State v. BrumfieldAnnotate this Case
319 So. 2d 402 (1975)
STATE of Louisiana v. Earl Kennon BRUMFIELD and Donald Lynn Warren.
Supreme Court of Louisiana.
October 1, 1975.
*403 Wilmon L. Richardson, Baton Rouge, for defendant-appellant.
William J. Guste, Jr., Atty. Gen., Barbara Rutledge, Asst. Atty. Gen., Leonard E. Yokum, Sr., Dist. Atty., Calvin C. Fayard, Jr., Asst. Dist. Atty., for plaintiffsappellees.
SANDERS, Chief Justice.
The State charged defendants Earl Kennon Brumfield and Donald Lynn Warren each with three counts of aggravated assault, violations of LSA-R.S. 14:37. The trial judge found them guilty as charged and sentenced each defendant to six months imprisonment in the parish jail. Defense counsel moved for an appeal, which the trial judge granted, setting the return date to the Supreme Court as April 25, 1975.
The record we have before us contains a pleading by defense counsel styled as both an appeal and a petition for a writ of certiorari. The State objected to the appeal, and filed in the district court a written opposition thereto, which the trial court did not act upon in any way.
Our threshold determination must be whether or not this Court has jurisdiction to hear an appeal in this case. A case is properly appealable to the Supreme Court only when a law or ordinance had been declared unconstitutional or when a defendant has been convicted of a felony, or a fine exceeding five hundred dollars or imprisonment exceeding six months actually has been imposed. La.Const. Art. V, § 5(D) (1974); LSA-C.Cr.P. Art. 912.1. Since the defendants were convicted of a misdemeanor and were sentenced to only six months imprisonment with no fine, this Court has no appellate jurisdiction in the case.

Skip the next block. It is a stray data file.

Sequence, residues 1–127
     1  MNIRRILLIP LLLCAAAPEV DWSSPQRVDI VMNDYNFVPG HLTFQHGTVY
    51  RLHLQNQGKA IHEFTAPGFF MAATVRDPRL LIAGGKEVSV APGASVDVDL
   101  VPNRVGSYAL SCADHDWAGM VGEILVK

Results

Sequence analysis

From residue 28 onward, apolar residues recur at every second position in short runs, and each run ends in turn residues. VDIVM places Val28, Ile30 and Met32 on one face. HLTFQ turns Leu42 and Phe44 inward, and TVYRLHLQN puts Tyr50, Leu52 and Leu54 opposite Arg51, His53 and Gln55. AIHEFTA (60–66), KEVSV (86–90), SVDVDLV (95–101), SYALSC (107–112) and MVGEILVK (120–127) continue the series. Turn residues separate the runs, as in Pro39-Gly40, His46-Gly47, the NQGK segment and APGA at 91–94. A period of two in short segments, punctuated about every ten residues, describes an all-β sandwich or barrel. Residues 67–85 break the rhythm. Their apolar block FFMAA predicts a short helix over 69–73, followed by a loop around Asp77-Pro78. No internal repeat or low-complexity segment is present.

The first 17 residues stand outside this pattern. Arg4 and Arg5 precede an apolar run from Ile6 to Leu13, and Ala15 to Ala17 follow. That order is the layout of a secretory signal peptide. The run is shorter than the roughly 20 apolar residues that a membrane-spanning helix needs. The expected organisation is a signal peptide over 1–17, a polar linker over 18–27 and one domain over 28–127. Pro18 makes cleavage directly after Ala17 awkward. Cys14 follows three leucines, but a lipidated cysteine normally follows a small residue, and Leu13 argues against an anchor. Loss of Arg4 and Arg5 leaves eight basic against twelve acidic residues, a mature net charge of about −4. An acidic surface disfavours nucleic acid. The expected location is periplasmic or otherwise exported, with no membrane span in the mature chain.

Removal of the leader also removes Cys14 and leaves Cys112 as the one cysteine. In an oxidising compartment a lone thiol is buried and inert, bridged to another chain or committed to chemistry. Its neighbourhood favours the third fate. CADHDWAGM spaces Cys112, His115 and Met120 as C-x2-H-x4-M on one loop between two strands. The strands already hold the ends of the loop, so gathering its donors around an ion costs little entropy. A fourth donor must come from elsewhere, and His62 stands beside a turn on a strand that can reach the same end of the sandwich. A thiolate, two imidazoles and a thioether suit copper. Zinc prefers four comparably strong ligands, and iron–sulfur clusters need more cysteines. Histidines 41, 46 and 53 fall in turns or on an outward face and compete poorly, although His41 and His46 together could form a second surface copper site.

Nevertheless, under Rule I, § 10 of the Rules of the Supreme Court of Louisiana, this Court in its discretion may treat an appeal improperly before it as an application for supervisory writs. The record before us does contain a petition for a writ of certiorari, so we elect to consider the case as a writ application.
Defendants made four objections during their trial which were overruled by the trial judge; they reserved bills of exceptions to the judge's rulings, though no longer required by Louisiana law. LSA-C.Cr.P. Art. 841. However, they perfected only one of the bills, nor did they comply with Article 844 of the Louisiana Code of Criminal Procedure by designating in writing those errors which are to be urged on appeal. Treating the case as a writ application, the defendants have not complied with Rule 12, § 5(3) of the Rules of the Supreme Court of Louisiana which requires an assignment of the errors complained of, separately briefing and arguing each.
The pleading contained in the record styled "petition for writ of certiorari" presents only a single question for this Court's review: whether the State met its burden of proof on the issue of intent as to all the defendants. Additionally, defendants *404 attached a perfected bill of exception complaining of the court's overruling of their motion for a new trial which was also based on an alleged lack of evidence.
A review of the transcript convinces us that there is some evidence of all the essential elements of the crime for both defendants. This Court does not review questions of sufficiency of evidence so long as some evidence can be found in the record to support the verdict. State v. Douglas, La., 278 So. 2d 485 (1973). Furthermore, it is well established in Louisiana jurisprudence that the refusal of a trial judge to grant a motion for a new trial which is based on an allegation that the verdict is contrary to the law and the evidence presents nothing for this Court's review. See, e. g., State v. Lisenby, La., 306 So. 2d 692 (1975); State v. Crockett, 262 La. 197, 263 So. 2d 6 (1972); State v. Williams, 262 La. 160, 262 So. 2d 507 (1972), and cases cited therein.
For the reasons assigned, the application of defendants for supervisory writs is denied.